experimental group (p=0.05) (Table 4). experimental group (p=0.01) in comparison with control
The results also showed that the differencegroup (Table 5).
between the length of menstruation pain of
experimental and control groups was significant (p=0.001) DISCUSSION AND CONCLUSION
When comparing the volume of bleeding, there was The main findings of this study indicated that
no significant difference between data of control group in physical activity had a positive impact on the most of
pre and post-test (p=0.22), but this difference wasprimary dysmenorrhea symptoms in such a way that type
significant in experimental group (p=0.008) (Table 4).of drugs consumption changed from Ibuprofen to
When the findings of two groups regarding the volume of Acetaminophen (p#0.05). Volume and rate of bleeding
bleeding was compared, no significant difference wasdecreased (p#0.002, p#0.05). Length of menstruation pain
observed (p=0.72) (Table 3). reduced (p#0.05), number of drugs consumed reduced,
In regard to Pain Rate Index (PRI), the findingsbut not significantly and finally Pain Rate Index and Total
showed no significant difference in pre and post-test ofand Present Pain Intensity reduced (p#0.01, p#0.05).
control group (p=0.14), but this difference was significant Regarding type of drugs used by subjects prior to
comparing pre and post-test of experimental groupstudy, it was found that experimental group participating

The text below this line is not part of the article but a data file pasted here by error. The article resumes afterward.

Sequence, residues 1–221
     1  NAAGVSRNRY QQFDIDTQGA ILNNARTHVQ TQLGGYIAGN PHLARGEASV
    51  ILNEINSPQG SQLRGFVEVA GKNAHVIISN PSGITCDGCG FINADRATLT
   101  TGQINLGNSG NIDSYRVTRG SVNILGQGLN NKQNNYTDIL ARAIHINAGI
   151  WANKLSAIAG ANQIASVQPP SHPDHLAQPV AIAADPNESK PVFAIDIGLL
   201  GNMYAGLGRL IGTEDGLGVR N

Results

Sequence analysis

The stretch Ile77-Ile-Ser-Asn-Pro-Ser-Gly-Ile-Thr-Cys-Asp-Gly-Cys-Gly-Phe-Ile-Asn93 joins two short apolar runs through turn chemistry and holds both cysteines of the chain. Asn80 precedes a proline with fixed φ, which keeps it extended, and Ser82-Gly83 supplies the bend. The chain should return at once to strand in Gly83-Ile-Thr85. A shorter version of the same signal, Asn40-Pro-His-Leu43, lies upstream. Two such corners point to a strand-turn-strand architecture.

(p=0.01). PRI was also significantly different betweenin physical activity protocol replaced Acetaminophen
experimental and control groups (p=0.01) (Table 5). with Ibuprofen which is a strong pain relief meaning that
Findings from Visual Analog Scale (VAS) and thephysical activity resulted in more tolerable menstruation
Present Pain Intensity (PPI) which assess the total andthereafter. This finding is in line with Thirza et al. .
present intensity of pain, showed that significantDue to the fact that painful menstruation may limit
reduction was found between experimental and controlsocial activities and may also lead to school missing
groups (p=0.05) in both cases in favor of experimental[15, 17, 18, 21, 37] young girls try to use strong drugs
group (Table 5). such as Ibuprofen to prevent these problems.
World Appl. Sci. J., 17 (10): 1246-1252, 2012
Our findings also showed that the number of drugsnumber of studies have failed to find any relation between
consumed by experimental group decreased comparingintensity of primary dysmenorrhea pain and physical
pre and post-test data. This result is in agreement withactivity [31, 32], other studies such as Smith et al. ,
Shavandi et al. , Abbaspour et al.  and Shahrjerdi Iorno et al. , Abbaspour et al. , Shahrjerdi and
and Sheikh Hoseini . The reasons for this reductionSheikh Hoseini  and Izzo and Labriola  support our
might be due to that when menstruation is veryresults. One possible mechanism explaining the positive